The league says $126 million a year goes into pension and post-career disability benefits for retired players and their families. The accounts pay out $60 million a year to those players, $20 million of it for disability payments.

But only 317 out of more than 10,000 eligible players are getting disability payments out of that fund, officials said.

So there’s a $1,100,000,000 fund for retired NFL players, out of which regular pensions and disability benefits are drawn. $126,000,000 is drawn from it every year (though somehow the players, disabled or otherwise, only get their hands on $60,000,000). That’s 11% of the fund’s stock, which is presumably replenished through investment.

The NFLPA says that the Pension Plan has an actuarial liability of $1.034 billion1. By their estimates (and it jives with the math we saw in the other articles), that covers 93% of their obligations. That’s insanely good for a pension fund – companies like United Airlines and General Motors have underfunded their pensions for decades2. In other words, the NFL can afford to pick up a few more tabs.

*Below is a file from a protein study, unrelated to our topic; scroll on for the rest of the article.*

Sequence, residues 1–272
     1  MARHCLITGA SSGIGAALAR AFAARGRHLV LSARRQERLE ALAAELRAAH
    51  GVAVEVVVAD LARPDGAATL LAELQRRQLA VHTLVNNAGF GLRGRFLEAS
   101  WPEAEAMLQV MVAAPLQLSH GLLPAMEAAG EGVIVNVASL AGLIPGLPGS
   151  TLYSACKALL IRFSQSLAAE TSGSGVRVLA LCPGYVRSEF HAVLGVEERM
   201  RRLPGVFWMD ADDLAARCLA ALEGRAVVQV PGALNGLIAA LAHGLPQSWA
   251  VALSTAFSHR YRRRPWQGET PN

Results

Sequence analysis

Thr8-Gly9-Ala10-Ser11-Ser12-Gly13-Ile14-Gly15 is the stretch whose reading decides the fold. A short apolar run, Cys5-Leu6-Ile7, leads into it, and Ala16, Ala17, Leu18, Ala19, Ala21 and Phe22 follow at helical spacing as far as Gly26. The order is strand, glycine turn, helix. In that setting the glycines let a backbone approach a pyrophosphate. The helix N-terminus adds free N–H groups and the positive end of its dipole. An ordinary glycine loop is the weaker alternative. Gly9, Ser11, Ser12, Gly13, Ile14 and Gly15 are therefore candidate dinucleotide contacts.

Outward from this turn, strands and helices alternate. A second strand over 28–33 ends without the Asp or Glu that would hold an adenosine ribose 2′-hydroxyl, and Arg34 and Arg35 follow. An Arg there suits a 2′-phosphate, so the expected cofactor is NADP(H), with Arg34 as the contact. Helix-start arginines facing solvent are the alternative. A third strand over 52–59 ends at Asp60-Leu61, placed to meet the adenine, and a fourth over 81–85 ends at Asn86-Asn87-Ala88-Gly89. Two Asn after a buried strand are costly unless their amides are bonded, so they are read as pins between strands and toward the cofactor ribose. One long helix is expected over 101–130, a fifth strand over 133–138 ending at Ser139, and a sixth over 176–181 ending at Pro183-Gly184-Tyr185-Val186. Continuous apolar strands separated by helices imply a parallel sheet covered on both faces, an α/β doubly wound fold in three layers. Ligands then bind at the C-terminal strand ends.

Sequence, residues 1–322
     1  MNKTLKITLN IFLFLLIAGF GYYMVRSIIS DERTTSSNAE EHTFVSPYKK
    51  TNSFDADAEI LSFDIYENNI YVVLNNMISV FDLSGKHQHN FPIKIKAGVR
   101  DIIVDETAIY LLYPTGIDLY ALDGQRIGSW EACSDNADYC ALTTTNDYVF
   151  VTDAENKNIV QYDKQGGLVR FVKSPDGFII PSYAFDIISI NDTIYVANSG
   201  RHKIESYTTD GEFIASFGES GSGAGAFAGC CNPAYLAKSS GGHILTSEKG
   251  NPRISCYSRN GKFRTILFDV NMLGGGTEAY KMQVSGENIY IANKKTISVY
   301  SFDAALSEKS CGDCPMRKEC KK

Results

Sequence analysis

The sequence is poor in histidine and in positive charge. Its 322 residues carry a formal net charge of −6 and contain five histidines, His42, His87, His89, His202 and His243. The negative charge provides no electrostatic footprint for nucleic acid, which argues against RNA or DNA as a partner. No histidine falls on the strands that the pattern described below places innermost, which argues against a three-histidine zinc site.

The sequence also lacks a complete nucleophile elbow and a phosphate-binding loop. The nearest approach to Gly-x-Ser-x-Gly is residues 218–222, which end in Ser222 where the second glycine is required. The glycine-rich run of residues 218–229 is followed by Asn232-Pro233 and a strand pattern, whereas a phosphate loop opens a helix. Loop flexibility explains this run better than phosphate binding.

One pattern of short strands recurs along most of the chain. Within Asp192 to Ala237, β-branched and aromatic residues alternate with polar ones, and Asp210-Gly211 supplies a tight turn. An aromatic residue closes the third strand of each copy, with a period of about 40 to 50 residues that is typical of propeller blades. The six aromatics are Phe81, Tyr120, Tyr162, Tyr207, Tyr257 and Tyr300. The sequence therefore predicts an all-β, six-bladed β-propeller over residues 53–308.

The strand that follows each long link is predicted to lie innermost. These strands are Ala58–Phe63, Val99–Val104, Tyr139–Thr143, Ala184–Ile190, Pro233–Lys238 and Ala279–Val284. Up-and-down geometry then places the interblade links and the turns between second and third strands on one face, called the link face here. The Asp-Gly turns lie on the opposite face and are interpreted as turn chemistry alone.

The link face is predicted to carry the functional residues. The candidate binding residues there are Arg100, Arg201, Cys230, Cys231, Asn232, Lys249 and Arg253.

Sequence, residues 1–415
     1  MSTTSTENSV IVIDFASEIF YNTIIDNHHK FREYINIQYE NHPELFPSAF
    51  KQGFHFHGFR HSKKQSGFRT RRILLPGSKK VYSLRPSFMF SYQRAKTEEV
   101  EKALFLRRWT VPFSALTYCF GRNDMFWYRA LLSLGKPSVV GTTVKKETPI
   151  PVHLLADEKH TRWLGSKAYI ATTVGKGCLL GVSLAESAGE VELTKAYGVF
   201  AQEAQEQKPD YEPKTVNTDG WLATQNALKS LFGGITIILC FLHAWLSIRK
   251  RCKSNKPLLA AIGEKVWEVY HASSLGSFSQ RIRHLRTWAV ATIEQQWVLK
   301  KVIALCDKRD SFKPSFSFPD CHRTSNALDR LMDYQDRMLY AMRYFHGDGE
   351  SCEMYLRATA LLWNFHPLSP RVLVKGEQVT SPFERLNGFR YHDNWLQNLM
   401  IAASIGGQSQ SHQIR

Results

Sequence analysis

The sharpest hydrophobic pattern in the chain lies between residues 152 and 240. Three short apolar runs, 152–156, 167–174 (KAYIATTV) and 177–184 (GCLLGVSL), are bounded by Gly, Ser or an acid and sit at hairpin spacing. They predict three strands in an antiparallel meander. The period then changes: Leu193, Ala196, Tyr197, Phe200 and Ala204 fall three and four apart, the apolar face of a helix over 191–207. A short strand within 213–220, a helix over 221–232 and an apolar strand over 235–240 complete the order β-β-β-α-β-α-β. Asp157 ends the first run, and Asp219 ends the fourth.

Muhammad AliDitka boycotted the ceremonies on Saturday to make a point. But he also could have been avoiding a depressing sight – row after row of shaken old men. Howie Long described it after his induction in 2000: “it was a travesty, the kind of carnage I saw out of these guys who were in their 50s and 60s.” The only thing sadder than seeing athletes long past their prime is imagining the poverty many of them live in. There’s no excuse for that.